What is the best path to becoming an engineer for a Boston area transit company? (Freight or passenger)

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rl.greenwood20
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What is the best path to becoming an engineer for a Boston area transit company? (Freight or passenger)

Post by rl.greenwood20 »

So I’ve spent the last 5 years working my way up through the bar industry. I started at 21 as a bouncer. Now at 26 I’m a manager/bartender. I honestly enjoy bartendering but I hate managing. I recently decided that I do NOT want to do this the rest of my life. Trains are pretty much the only non athletic obsession I’ve had since I was a kid. (My bedroom window was right next to the Worcester line). I had always planned on working for CSX when I was younger but of course the yard near me closed right before I became old enough to work so that goal just fell by the wayside.

The past few months I’ve been trying to take the first steps into the industry. I know that I’m not going to be hired and thrown into the cab of a locomotive. I’m willing to start from the bottom and work for years to get to that point though. I’m honestly pretty confused and hesitant on how to proceed (I don’t want to get a job that doesn’t lead to me being an engineer). I don’t personally know anyone in the industry to ask for advice. I’ve had my name in the MBTA lottery for years but at this point I think I have a better chance of hitting the actual lottery. I recently applied to Amtrak as a conductor trainee. I was excited when they sent me a test but I have not heard back in a week (starting to look bleak).

I imagine some of you here work in the industry. Do you have any advice on the best way to get a foot in the door? Like I said before I know it’s not any easy road but I’m willing to take whatever steps necessary.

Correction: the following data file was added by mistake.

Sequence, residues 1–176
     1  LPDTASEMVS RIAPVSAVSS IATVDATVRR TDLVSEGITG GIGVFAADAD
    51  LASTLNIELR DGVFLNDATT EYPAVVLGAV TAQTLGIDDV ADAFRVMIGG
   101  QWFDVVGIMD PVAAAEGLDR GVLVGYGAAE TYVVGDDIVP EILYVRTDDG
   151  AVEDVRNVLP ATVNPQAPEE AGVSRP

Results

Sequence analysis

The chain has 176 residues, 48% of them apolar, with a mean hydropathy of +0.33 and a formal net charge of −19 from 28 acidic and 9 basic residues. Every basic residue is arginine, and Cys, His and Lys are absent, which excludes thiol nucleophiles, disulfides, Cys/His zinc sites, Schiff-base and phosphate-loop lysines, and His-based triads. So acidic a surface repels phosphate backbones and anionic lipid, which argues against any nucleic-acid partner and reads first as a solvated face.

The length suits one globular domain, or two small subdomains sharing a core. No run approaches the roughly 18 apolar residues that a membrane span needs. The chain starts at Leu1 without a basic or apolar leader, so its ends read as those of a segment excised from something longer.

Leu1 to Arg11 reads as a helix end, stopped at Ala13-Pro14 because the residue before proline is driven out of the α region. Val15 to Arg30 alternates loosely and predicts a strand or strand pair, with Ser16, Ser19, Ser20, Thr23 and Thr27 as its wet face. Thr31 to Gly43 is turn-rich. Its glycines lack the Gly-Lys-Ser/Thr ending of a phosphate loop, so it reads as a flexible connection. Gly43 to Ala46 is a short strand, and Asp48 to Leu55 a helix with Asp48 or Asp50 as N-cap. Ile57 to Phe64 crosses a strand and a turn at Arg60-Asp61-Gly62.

CRail
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Re: What is the best path to becoming an engineer for a Boston area transit company? (Freight or passenger)

Post by CRail »

Railroad and transit hiring processes are painfully slow. Usually, not hearing back right away is actually a good sign. You’re on the right path with Amtrak should that work out. There are exceptions, but engineers are usually hired from within the ranks of the train crew. Watch the Amtrak, Keolis, and Pan Am websites for job postings and keep applying. Sometimes it takes a couple years just to get in, don’t get discouraged by that.

Check nearby short lines for openings too like Mass Coastal, Grafton & Upton, and Providence & Worcester. It’s easier to get noticed by a class 1 with experience.
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rl.greenwood20
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Joined: Thu Feb 06, 2020 5:17 pm

Re: What is the best path to becoming an engineer for a Boston area transit company? (Freight or passenger)

Post by rl.greenwood20 »

Thanks for the advice! Ive applied to Amtrak CSX and Pan Am as a conductor and all have since been filled. I didn't even get an interview with any of them, Pretty depressing so far but oh well. I can't expect much with 0 experience.

Acela150
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Re: What is the best path to becoming an engineer for a Boston area transit company? (Freight or passenger)

Post by Acela150 »

rl.greenwood20 wrote:
Thu Feb 27, 2020 11:06 am
Thanks for the advice! Ive applied to Amtrak CSX and Pan Am as a conductor and all have since been filled. I didn't even get an interview with any of them, Pretty depressing so far but oh well. I can't expect much with 0 experience.
Honestly, CSX is not the way to go right now. Many Class I's have adopted "Precision Scheduled Railroading". In which layoffs have occurred by the thousands. Pan AM, Amtrak, Keolis are the way to go in the Boston area right now.

It took me years to just get an invite to a testing session. I think I went to about 5 different testing sessions before I got an interview. I had about a years worth of RR experience before Amtrak even offered me a testing session. So it's not an overnight process. My suggestion is to keep applying. It'll happen at the right time.

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Wayside
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Re: What is the best path to becoming an engineer for a Boston area transit company? (Freight or passenger)

Post by Wayside »

Persistence, Grasshopper. That's the secret. :wink:
We don't know what we don't know.

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